In a git repository, is there any difference/benefit using
git grep over good old
An example would be?
The two are very similar. The main difference is that
git grep defaults to searching in the files that are tracked by git.
If I want to find
foo within my project I can use
git grep or good ol' stand-alone
git grep foo grep -R foo .
git grep version will only search in files tracked by git, whereas the
grep version will search everything in the directory. So far so similar; either one could be better depending on what you want to achieve.
What if we want to limit the search to only
git grep foo -- *.rb grep -R --include=*.rb foo .
The plain old
grep version is getting a bit more wordy, but if you're used to using
grep that may not be a problem. They're still not going to search exactly the same files, but again it depends on what you want to achieve.
What about searching in the previous version of the project?
git grep foo HEAD^ git checkout HEAD^; grep -R foo .; git checkout -
This is where
git grep makes a real difference: You can search in another revision of the project without checking it out first. This isn't a situation that comes up too often for me though; I usually want to search in the version of the project I have checked out.
Configuring git grep
There are some
git config variables that modify the behaviour of
git grep and avoid the need to pass a couple of command line arguments:
grep.lineNumber: Always show line numbers of matches (you can pass
git grepto get this behaviour)
grep.extendedRegexp: Always use extended regular expressions (you can pass
git grepto get this behaviour)
In practice I have
gg aliased to
git grep -En, and this almost always does what I want.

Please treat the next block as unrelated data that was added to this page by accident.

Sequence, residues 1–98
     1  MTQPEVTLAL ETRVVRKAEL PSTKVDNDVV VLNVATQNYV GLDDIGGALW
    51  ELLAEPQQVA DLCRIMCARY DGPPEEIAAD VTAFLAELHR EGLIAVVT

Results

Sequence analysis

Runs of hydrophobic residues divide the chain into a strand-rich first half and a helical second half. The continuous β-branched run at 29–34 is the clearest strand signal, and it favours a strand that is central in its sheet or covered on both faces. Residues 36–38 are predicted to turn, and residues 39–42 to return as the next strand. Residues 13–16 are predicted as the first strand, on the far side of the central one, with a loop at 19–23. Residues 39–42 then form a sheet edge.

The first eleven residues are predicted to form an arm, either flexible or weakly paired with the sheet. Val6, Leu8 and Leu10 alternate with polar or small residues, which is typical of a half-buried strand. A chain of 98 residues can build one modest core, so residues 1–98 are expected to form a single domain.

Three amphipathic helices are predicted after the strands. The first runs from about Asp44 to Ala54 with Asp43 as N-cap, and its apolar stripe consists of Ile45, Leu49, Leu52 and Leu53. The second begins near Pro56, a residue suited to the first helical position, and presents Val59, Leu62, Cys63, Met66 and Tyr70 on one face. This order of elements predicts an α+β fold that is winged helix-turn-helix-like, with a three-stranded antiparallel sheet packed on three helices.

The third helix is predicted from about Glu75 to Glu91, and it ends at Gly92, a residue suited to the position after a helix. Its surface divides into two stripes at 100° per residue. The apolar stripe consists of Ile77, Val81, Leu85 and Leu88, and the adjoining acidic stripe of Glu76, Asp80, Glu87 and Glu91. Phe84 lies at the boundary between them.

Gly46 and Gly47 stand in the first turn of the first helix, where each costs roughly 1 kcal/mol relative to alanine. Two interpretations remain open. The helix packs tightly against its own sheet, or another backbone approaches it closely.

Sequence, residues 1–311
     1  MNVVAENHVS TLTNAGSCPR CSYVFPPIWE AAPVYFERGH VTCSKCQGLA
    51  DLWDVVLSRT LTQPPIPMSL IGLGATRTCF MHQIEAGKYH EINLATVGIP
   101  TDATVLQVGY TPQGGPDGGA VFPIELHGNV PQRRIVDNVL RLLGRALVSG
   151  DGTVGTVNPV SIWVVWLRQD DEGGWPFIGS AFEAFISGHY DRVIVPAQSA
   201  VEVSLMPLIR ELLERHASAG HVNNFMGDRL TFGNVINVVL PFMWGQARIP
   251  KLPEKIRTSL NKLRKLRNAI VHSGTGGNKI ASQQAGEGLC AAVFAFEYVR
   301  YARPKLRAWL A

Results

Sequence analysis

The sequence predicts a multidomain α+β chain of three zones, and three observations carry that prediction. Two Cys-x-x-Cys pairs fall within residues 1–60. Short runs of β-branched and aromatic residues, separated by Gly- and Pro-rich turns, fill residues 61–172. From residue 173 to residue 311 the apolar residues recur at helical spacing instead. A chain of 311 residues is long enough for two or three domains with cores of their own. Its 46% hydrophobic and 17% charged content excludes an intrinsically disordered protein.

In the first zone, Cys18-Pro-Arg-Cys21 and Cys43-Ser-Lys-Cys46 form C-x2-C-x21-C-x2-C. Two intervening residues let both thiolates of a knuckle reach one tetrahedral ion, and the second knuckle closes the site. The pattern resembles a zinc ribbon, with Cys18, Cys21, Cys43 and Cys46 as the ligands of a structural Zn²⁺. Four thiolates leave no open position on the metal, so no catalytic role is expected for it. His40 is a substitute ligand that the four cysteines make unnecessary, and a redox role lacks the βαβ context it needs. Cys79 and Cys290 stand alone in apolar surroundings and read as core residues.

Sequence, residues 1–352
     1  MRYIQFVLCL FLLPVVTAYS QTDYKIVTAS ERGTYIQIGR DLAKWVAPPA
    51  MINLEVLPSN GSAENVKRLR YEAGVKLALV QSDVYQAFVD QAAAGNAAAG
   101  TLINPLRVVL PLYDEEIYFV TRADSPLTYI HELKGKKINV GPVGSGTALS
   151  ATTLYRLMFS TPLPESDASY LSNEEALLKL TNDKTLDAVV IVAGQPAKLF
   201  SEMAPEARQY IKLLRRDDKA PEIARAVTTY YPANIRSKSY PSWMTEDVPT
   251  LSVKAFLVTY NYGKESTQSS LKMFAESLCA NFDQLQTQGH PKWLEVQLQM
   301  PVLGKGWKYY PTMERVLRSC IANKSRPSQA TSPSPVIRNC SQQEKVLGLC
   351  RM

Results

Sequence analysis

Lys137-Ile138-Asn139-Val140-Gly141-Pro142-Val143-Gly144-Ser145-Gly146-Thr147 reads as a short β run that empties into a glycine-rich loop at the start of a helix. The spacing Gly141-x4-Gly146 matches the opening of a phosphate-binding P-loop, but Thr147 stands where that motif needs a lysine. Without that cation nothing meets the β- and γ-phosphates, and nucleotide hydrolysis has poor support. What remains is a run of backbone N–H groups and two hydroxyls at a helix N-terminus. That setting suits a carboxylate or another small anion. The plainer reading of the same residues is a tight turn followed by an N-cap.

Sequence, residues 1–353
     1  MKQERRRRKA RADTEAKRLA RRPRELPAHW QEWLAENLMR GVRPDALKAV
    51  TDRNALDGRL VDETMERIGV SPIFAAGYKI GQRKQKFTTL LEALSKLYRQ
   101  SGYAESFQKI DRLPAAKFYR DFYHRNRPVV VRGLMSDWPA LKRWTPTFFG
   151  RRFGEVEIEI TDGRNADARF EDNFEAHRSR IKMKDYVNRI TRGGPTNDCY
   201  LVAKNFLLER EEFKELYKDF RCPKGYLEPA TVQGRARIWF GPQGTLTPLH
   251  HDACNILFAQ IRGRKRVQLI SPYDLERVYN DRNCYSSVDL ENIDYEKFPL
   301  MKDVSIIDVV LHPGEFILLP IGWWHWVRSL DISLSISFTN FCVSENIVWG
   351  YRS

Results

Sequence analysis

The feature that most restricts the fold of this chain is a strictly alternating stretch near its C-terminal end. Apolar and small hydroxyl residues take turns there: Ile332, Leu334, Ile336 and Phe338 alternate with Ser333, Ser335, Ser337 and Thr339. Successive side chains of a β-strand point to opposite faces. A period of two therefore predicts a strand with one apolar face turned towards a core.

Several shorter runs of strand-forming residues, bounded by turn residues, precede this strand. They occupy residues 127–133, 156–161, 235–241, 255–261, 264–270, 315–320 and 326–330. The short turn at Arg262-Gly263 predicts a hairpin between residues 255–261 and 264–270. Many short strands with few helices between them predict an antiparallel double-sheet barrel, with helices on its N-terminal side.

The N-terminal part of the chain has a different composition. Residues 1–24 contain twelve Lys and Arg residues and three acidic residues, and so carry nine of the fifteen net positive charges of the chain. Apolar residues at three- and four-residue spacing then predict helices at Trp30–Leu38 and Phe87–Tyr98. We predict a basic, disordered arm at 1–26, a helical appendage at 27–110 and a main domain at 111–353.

The main advantage of
git grep is that it can find the patterns in the git repository, i. e. also in others than the current version of the source. This cannot be done using the standard
grep of course. Also there are a lot more features in the
git grep like pattern arithmetic (things like
git grep -e pattern1 --and --not \( -e pattern2 -e pattern3 \)), tree search using glob (things like
git grep pattern -- '*.[ch]' to search only in
.h files) and some more.
Here's an example session for searching in an older revision:
$ mkdir git-test # create fresh repository $ cd git-test/ $ git init . Initialized empty Git repository in /home/alfe/git-test/.git/ $ echo eins zwei drei > bla # create example file $ git add bla # add and commit it $ git commit bla [master (root-commit) 7494515] . 1 file changed, 1 insertion(+) create mode 100644 bla $ echo vier fuenf sechs > bla # perform a change on that file $ git commit -m 'increase' bla # commit it [master 062488e] increase 1 file changed, 1 insertion(+), 1 deletion(-) $ git grep eins | cat # grep for outdated pattern in current version # (finds nothing) $ git grep eins master^ | cat # grep for outdated pattern on former version # finds it: master^:bla:eins zwei drei
git grep only searches in the tracked files in the repo.
grep you have to pass the list of files to search through and you would have filter out any untracked files yourself.
So if you are searching for something that you know is in the repo,
git grep saves you time as all you have to do is provide the pattern. It also is useful for not having to search through anything that is untracked in the repo.